After years of trying to save your marriage, you and your spouse have realized your options are exhausted and the best thing both of you can do is part ways. This is a stressful and heartbreaking time in your life, and the last thing you want to do right now is add to the strain. You may have heard about other divorce methods besides a traditional court divorce. Will an uncontested divorce work for you like it has for countless other divorcing couples in Texas?

You must first ask yourself the following questions: Can my spouse and I treat each other civilly during the negotiation proceedings of an amicable divorce? Will we be able to sit in a room with each other and figure out how to co-parent and divide our property without fighting? If you believe the answer is "yes" to each of these questions, you might consider the following advantages to an uncontested divorce:

  •        Litigated divorces become public record, but mediation and other forms of uncontested divorce remain private.
  •        Avoiding the courtroom can save you a significant amount of money.
  •        Negotiating the terms of your divorce with your spouse can teach you both valuable cooperation and communication skills, which you may use later during co-parenting.
  •        Uncontested divorces tend to take less time than a courtroom battle.
  •        An amicable divorce is likely to make the process easier on your children and less stressful for yourself.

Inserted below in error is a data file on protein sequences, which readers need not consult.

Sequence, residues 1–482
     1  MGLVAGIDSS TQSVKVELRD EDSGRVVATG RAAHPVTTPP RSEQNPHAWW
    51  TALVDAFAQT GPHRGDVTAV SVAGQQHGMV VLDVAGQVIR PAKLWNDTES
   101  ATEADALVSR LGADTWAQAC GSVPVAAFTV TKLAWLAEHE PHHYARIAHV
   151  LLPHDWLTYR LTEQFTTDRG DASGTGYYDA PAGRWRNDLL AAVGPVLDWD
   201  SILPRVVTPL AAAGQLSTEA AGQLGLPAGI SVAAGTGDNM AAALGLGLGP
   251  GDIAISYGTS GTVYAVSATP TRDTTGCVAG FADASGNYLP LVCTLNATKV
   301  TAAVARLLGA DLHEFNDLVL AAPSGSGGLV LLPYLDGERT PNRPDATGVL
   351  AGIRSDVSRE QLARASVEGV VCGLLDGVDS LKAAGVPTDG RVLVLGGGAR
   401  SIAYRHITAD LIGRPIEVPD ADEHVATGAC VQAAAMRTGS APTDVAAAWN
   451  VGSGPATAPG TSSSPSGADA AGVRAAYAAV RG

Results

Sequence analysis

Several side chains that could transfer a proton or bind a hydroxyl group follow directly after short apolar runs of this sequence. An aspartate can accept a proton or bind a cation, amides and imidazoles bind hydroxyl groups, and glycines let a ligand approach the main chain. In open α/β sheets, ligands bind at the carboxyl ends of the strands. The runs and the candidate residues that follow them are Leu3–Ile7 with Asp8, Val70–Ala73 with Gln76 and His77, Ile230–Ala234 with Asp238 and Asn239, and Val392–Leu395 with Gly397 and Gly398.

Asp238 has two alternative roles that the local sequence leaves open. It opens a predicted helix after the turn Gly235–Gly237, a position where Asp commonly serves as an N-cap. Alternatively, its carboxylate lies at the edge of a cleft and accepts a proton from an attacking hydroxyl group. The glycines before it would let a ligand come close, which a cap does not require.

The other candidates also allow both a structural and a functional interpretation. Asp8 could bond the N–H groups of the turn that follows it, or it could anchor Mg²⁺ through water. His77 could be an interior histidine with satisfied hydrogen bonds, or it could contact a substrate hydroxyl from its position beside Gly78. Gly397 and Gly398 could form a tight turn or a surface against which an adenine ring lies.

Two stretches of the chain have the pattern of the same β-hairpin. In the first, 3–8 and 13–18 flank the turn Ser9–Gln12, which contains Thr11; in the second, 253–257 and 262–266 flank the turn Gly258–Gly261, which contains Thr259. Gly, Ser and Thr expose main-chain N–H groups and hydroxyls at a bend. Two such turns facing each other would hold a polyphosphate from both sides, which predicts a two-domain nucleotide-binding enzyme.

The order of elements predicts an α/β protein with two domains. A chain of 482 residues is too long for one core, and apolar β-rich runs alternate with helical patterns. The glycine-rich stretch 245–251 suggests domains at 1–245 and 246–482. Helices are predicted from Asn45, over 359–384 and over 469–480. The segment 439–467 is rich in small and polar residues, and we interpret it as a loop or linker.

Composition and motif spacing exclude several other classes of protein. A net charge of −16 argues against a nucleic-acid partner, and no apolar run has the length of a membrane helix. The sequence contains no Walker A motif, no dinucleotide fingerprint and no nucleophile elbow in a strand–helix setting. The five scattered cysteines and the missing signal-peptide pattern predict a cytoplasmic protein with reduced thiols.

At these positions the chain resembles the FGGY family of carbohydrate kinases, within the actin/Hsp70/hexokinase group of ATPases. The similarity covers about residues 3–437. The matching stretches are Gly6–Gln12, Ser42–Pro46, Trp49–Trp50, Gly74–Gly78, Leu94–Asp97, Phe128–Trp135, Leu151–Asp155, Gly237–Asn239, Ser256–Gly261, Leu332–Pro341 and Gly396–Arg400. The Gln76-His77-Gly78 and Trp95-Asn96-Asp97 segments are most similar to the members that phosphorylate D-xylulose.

Are child support and alimony taxable?

The only thing worse than your ex taking all your money is the government taking it, too. Divorce has several tax implications that will affect how you file. Knowing these changes ahead of time can prevent mistakes and last-minute stress.

One of the questions you may have is the effects of child support and alimony (or spousal support) on taxes. Regulations from the IRS on these matters are as follows.

How to tell if your husband is planning a divorce

You know your marriage is on the rocks, but perhaps you are not ready to give up yet. How do you know if you should still keep fighting or if you should start calling a lawyer for advice? That depends on how your husband feels.

Whether or not your marriage still has a chance will determine your next move. Here are a few signs that your husband is planning on divorce, and so should you.

3 rules for social media use during a divorce

Social media provides opportunities for connection, interaction and entertainment. When life pushes you under the bus, it can offer a way to vent about your troubles to loved ones and find other people going through similar experiences so you can gain a support network.

Divorce may be the time when you need those benefits most. However, you need to be smart in your use of social media or you can make a mess of things during the divorce process. Your spouse can twist anything you share into negative evidence against you, or you can incriminate yourself. Follow these three rules to avoid letting your social media usage harm your case.

Understanding community and separate property in Texas

Property division in a Texas divorce often involves the question of whether certain assets are community or separate property. A basic outline of these concepts can help you gain some insight into the division process and your expectations from it.

Many cases feature specific circumstances that can complicate the ways in which courts may apply seemingly straightforward principles. Sometimes, the services of experts such as forensic accountants become necessary to ascertain relevant facts.